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Wednesday’s Headlines Go Carless

A Washington state advocacy group for the disabled is challenging everyone to give up driving for the week of Oct. 2 to find out how hard it is to get around in most parts of the U.S.

  • It's a testament to America's car-centric infrastructure that asking people to hang up their car keys for a week sounds like asking a lot, but that's exactly what one disability rights group wants people to do so they can see how hard it is to get around without being able to drive. (City Lab)
  • Two MIT researchers regret their research predicting — wrongly, it turned out — that Uber and Lyft would reduce congestion, and they don't want anyone to make the same mistake with driverless cars. (San Francisco Chronicle)
  • Lessons learned from cities' efforts to allocate increasingly scarce curb space. (Smart Cities Dive)
  • A judge striking down the Minneapolis 2040 plan has led to fears that all over the country environmental laws can be weaponized against land-use reform. (Streetsblog USA)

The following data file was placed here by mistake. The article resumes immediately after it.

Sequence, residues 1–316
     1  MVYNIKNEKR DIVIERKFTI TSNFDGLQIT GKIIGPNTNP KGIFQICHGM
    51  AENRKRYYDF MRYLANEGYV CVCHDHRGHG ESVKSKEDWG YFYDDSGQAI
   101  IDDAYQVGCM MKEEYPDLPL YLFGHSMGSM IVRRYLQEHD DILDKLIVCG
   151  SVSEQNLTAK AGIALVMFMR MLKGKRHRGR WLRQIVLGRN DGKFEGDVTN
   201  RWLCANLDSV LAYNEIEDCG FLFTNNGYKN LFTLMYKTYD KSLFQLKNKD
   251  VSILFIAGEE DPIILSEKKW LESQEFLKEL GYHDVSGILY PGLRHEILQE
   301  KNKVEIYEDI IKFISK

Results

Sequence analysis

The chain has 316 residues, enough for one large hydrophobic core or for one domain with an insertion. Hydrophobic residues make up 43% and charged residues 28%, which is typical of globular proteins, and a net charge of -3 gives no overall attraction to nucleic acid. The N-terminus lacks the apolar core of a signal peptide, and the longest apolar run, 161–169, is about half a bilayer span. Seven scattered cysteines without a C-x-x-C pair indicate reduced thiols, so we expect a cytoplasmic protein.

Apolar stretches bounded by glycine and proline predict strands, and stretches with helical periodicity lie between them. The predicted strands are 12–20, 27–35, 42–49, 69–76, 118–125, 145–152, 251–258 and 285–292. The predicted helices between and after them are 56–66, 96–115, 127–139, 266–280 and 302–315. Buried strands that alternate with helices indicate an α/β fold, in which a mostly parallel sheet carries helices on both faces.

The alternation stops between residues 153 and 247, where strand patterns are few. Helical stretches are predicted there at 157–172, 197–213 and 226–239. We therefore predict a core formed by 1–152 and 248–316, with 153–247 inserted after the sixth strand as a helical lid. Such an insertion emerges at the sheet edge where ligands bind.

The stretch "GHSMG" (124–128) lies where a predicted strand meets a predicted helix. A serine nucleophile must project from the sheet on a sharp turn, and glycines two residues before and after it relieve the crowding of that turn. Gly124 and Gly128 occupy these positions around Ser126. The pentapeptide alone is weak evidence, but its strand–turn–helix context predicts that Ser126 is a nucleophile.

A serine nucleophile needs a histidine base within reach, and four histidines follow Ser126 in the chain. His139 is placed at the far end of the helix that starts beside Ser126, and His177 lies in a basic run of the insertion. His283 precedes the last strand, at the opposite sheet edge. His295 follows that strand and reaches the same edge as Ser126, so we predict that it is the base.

• Charlotte and surrounding cities and counties are considering forming a regional transit authority. (WFAE)
  • Contrary to previous reports, suburban Gwinnett County is putting a transit tax on the ballot but is not considering joining the Metro Atlanta Rapid Transit Authority system. (AP)
  • The Colorado DOT is ditching the 85th percentile rule that encourages fast driving, and is re-evaluating speed limits on many roads. (Colorado Public Radio)
  • Cincinnati is extending a ban on new downtown surface parking lots. (City Beat)
  • Sacramento is prioritizing people and housing over cars. (Comstock's Magazine)
  • Detroit bikeshare MoGo says its e-bikes are ridden three times as much as pedal-only bikes. (Axios)
  • Portland's transportation director wants to remove a protected bike lane from Broadway downtown that's in a high-crash corridor and took 14 years to build. (Bike Portland)
  • Montreal Mayor Valerie Plante is defying angry motorists by closing a busy highway to cars and turning it over to cyclists and pedestrians. (New York Times)
  • Several German cities are offering people free passes for public transit — if they give up their driver's license. (Euronews)

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